Visu­al Arts

The Steins Col­lect: Matisse, Picas­so, and the Parisian Avant-Garde

Janet Bish­op, Cécile Debray, and Rebec­ca Rabi­now, eds.
  • Review
By – March 22, 2012

In the fall of 1903, Gertrude Stein and Leo Stein, an old­er broth­er, took an apart­ment togeth­er at 27, rue de Fleu­rus, in Paris. The fol­low­ing Jan­u­ary, Michael Stein, anoth­er old­er broth­er, and Sarah, his wife, took an apart­ment near­by. Thus begins the sto­ry of the Steins’ col­lect­ing of avant-garde paint­ing and their tow­er­ing influ­ence on the art of the ear­ly twen­ti­eth cen­tu­ry.

In eleven essays by lead­ing schol­ars, The Steins Col­lect, which accom­pa­nies a major exhi­bi­tion in Paris, San Fran­cis­co, and New York, exam­ines the con­tri­bu­tions and advo­ca­cy of the Stein fam­i­ly, dis­cussing each member’s role. Leo was an ear­ly admir­er of Cézanne; Gertrude’s friend­ship with Picas­so was instru­men­tal in launch­ing his career; Michael and Sarah were cham­pi­ons of Matisse, with whom they had a long and close friend­ship even after their return to the Unit­ed States. But this sug­gests only a por­tion of the Steins’ place in ear­ly twen­ti­eth-cen­tu­ry cul­ture. They were deeply inter­est­ed in all the arts; indi­vid­u­al­ly they left their mark on pho­tog­ra­phy, archi­tec­ture, art crit­i­cism, and lit­er­a­ture.

Each of the essays is fol­lowed by repro­duc­tions of the art asso­ci­at­ed with the sub­ject of the essay, mak­ing up a lit­tle over half the book. The remain­der doc­u­ments the place of the Steins in cul­tur­al his­to­ry — archival fam­i­ly pho­tographs as well as archival pho­tographs of their homes with art­work in place; Sarah’s note­books record­ing Matisse’s com­ments to his stu­dents at the acad­e­my she and Michael helped estab­lish for him; a cat­a­logue of the Stein col­lec­tions; a chronol­o­gy of their lives; plus schol­ar­ly adden­da. It should be not­ed that the book deals only with the cul­tur­al side of the Steins’ lives and does not dis­cuss, except in pass­ing, their per­son­al or polit­i­cal lives. Above all, The Steins Col­lect is a mas­sive book of mag­nif­i­cent art, beau­ti­ful­ly print­ed on excep­tion­al­ly fine paper in a some­what larg­er than usu­al for­mat. It can be enjoyed for that alone. Col­or cat­a­logue plus almost 500 plates, both full-col­or art and archival pho­tog­ra­phy; chronol­o­gy; index; references.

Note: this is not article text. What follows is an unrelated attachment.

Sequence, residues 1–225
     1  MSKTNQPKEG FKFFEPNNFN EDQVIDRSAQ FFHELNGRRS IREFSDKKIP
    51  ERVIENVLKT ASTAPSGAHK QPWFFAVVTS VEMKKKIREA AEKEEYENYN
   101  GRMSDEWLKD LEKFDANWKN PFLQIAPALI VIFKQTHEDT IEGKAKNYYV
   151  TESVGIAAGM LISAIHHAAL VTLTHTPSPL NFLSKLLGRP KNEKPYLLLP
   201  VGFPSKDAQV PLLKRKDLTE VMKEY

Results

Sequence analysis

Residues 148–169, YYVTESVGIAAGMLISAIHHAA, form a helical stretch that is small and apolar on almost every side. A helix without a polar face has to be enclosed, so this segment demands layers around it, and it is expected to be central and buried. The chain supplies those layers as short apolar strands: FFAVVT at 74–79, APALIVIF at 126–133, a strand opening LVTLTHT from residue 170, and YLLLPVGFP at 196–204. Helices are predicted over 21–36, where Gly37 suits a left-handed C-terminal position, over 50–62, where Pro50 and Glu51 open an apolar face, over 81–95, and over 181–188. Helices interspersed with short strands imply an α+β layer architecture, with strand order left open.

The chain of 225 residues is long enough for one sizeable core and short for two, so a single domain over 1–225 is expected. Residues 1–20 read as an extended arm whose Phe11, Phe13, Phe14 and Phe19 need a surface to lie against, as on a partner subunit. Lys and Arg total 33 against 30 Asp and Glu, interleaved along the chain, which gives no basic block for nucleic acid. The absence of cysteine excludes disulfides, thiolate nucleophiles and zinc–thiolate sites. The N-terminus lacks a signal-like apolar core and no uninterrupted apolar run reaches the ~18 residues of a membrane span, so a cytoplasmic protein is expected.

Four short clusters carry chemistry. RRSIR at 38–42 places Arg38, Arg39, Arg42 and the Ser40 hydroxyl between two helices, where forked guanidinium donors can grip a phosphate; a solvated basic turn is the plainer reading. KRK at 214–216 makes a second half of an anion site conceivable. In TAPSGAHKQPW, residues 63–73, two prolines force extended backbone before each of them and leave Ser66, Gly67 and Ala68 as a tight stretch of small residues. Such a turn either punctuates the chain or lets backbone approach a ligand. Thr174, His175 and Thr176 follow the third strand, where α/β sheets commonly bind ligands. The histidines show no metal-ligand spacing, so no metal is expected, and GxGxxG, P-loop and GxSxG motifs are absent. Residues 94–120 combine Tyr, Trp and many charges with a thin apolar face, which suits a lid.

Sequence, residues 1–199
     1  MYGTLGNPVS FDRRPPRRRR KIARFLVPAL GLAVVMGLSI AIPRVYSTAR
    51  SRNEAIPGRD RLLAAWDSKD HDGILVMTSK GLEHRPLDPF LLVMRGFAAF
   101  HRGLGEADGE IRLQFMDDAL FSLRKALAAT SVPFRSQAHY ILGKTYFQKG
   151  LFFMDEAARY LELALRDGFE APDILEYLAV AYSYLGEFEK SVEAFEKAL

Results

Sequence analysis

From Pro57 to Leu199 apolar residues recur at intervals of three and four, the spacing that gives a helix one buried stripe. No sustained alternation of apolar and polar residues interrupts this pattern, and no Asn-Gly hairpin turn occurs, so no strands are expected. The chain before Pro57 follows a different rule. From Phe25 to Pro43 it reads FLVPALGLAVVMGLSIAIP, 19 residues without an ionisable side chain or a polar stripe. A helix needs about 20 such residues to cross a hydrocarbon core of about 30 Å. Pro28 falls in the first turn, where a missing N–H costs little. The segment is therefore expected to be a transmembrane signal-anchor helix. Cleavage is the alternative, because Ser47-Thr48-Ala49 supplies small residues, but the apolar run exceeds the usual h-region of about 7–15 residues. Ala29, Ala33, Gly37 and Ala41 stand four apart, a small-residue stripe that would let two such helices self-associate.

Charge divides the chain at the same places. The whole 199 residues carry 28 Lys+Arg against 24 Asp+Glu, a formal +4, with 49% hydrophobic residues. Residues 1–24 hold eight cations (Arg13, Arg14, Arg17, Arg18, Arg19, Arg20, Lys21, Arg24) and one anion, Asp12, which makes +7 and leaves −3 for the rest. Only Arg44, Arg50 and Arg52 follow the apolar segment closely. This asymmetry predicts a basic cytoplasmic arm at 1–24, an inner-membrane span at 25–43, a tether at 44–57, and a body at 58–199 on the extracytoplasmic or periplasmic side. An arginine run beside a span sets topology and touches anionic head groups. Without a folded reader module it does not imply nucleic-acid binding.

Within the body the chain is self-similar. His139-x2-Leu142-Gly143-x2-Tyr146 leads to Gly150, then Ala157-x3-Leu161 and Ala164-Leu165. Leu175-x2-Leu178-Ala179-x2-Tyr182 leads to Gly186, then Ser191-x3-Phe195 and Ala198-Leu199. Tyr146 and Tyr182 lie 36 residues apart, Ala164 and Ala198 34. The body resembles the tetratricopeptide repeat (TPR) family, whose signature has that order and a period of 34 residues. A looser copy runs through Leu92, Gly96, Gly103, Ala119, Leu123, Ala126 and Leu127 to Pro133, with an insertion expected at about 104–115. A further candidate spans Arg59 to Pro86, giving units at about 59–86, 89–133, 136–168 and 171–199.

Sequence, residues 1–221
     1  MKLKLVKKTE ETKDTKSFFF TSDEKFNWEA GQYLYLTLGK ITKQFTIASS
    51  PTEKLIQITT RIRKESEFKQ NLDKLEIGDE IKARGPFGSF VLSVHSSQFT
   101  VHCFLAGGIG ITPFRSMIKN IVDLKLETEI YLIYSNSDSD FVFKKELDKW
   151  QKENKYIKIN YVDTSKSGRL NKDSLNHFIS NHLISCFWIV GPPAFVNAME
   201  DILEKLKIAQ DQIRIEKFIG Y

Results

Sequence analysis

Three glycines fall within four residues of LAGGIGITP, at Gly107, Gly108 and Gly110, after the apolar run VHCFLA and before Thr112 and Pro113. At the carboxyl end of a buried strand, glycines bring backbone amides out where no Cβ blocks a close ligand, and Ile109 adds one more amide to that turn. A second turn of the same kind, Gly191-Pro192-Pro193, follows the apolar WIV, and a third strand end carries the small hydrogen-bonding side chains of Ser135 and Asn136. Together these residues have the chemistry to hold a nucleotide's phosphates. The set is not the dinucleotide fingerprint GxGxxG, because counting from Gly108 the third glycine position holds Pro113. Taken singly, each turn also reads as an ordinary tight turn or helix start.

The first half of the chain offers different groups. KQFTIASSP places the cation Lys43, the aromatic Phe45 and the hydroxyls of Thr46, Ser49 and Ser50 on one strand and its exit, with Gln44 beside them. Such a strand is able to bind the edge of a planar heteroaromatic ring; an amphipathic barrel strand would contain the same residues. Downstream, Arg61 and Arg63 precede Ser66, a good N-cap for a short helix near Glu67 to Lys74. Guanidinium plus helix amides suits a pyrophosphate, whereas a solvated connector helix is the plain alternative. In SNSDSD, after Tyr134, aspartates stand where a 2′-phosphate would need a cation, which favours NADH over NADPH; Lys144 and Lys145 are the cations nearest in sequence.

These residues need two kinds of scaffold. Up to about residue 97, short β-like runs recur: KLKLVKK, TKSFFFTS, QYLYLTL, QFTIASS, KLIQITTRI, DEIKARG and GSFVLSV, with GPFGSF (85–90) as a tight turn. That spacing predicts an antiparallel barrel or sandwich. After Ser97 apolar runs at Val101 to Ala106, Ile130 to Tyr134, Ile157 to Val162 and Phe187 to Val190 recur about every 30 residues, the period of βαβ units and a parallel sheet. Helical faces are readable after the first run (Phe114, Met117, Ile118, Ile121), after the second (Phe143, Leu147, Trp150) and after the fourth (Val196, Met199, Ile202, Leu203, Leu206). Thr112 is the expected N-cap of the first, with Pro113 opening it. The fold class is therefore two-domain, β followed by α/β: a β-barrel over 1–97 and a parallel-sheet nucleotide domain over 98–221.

Maron L. Wax­man, retired edi­to­r­i­al direc­tor, spe­cial projects, at the Amer­i­can Muse­um of Nat­ur­al His­to­ry, was also an edi­to­r­i­al direc­tor at Harper­Collins and Book-of-the-Month Club.

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